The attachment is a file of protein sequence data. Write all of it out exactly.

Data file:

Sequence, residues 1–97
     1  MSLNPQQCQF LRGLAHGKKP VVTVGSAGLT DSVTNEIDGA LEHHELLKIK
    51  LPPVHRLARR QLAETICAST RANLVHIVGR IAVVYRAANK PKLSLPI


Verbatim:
Sequence, residues 1–97
     1  MSLNPQQCQF LRGLAHGKKP VVTVGSAGLT DSVTNEIDGA LEHHELLKIK
    51  LPPVHRLARR QLAETICAST RANLVHIVGR IAVVYRAANK PKLSLPI